Underreporting of Cocaine Use at Posttreatment Follow-up and the Measurement of Treatment Effectiveness


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Abstract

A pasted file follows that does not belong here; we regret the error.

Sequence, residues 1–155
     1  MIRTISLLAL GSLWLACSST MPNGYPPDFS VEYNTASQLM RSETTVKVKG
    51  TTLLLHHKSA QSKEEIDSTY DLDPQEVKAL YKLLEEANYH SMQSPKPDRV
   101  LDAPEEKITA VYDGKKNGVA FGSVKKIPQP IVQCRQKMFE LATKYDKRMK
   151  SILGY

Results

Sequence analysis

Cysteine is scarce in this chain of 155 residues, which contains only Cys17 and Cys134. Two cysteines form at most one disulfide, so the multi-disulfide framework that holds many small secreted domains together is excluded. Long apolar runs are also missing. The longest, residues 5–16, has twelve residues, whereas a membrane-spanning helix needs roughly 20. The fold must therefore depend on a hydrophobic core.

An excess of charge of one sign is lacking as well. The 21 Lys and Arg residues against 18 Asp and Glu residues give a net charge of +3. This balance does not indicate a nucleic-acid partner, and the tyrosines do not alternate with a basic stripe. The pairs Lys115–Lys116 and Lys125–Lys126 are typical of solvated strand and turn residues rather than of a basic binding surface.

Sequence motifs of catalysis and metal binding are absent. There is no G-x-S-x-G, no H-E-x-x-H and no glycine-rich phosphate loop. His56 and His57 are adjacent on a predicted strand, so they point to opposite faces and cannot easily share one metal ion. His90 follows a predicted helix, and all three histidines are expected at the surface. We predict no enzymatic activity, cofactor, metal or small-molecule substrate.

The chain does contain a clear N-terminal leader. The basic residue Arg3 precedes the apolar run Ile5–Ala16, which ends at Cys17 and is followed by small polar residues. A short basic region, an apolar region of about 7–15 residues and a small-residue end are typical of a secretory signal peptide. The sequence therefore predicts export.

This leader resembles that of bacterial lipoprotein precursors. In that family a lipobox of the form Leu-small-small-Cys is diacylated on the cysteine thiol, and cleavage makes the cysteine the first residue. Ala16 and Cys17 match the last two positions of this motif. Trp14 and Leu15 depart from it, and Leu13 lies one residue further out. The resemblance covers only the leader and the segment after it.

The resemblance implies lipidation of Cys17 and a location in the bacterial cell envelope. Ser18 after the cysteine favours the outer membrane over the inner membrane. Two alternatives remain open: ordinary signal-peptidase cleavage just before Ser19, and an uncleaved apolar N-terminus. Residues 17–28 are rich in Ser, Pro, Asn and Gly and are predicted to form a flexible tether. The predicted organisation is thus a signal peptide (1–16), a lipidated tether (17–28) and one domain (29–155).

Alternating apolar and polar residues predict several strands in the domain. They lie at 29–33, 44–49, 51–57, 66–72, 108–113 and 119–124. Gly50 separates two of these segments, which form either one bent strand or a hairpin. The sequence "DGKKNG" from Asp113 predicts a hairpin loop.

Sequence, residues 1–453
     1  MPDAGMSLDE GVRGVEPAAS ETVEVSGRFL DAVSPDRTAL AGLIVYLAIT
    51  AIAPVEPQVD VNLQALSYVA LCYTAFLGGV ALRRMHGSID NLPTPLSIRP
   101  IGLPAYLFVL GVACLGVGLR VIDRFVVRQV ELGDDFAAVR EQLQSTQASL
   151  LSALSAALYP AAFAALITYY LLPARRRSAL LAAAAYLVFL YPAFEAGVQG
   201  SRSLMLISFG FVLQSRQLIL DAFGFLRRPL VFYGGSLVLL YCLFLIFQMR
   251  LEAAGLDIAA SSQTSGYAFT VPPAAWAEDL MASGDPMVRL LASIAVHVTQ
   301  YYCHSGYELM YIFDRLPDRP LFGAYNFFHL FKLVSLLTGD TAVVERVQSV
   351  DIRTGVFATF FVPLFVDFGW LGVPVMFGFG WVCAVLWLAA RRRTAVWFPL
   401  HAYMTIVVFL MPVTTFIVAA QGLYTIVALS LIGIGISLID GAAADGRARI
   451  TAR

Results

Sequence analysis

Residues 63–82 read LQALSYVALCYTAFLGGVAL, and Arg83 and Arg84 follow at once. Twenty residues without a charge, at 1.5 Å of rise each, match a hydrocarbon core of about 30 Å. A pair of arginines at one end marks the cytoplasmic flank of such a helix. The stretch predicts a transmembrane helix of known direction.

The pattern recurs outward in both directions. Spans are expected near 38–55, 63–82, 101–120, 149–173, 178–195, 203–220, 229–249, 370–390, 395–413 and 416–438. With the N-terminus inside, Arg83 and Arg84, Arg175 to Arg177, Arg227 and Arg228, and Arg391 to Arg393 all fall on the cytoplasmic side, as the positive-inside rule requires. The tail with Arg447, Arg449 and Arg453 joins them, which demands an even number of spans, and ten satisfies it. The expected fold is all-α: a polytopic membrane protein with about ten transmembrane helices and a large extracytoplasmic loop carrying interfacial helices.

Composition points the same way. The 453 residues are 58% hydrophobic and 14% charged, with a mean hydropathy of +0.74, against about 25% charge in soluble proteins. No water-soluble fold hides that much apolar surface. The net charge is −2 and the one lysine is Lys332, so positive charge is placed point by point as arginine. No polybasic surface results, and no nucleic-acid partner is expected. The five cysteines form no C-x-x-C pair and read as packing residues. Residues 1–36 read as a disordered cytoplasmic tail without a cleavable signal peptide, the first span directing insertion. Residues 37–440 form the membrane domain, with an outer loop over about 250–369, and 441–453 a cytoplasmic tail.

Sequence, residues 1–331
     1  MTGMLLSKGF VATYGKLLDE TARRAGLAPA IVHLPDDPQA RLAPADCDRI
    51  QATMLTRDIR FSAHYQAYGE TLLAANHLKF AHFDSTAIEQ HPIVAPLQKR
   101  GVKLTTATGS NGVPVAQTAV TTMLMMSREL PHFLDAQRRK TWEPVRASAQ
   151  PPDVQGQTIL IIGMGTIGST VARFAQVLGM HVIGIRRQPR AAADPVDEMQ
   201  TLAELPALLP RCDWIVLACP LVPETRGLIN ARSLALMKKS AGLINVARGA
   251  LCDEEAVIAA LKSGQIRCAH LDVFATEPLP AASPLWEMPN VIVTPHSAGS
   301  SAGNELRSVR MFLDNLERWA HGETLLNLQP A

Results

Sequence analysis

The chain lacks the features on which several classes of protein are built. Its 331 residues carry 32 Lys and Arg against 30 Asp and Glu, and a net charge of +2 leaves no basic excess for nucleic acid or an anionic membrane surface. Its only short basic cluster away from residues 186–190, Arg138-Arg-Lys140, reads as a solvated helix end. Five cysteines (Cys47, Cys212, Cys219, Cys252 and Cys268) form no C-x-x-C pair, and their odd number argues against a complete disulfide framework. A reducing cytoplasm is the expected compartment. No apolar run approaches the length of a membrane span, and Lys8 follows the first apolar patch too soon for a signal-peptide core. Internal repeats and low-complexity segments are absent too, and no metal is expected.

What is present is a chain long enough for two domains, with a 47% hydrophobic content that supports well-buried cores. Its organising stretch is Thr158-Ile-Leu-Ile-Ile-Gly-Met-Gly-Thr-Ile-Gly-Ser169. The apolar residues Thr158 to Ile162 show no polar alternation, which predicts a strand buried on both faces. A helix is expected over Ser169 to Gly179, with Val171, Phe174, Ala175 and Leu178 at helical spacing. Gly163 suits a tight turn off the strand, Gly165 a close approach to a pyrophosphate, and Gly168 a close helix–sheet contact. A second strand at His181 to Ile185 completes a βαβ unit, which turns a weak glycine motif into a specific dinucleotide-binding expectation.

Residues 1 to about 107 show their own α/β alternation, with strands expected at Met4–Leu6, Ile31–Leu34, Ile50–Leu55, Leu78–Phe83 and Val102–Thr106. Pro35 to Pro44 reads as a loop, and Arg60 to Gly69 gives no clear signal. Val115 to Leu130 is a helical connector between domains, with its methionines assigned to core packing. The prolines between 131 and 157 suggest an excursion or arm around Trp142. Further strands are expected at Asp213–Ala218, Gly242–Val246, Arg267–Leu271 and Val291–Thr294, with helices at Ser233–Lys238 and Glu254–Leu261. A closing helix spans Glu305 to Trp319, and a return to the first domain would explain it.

Substance abusers, especially cocaine abusers, may underreport their substance use in outcome interviews. Follow-up interviews were conducted and urine specimens were obtained on 633 persons 9 months after admission to a 3-month cocaine treatment program. Although 422 (67%) reported no use of cocaine in the past 30 days, 134 of these (32%) had cocaine-positive urines. This group did not differ on most characteristics at intake or follow-up from the 288 with cocaine-negative urines. The amount of treatment received did affect willingness to admit drug use. Of 132 treatment completers who reported no cocaine use at follow-up, 21 (16%) had positive urines. Of 91 early dropouts who also reported no cocaine use, 36 (40%) had positive urines. This differential rate of underreporting had the effect of seriously underrepresenting the effectiveness of treatment completion as compared with little or no treatment.

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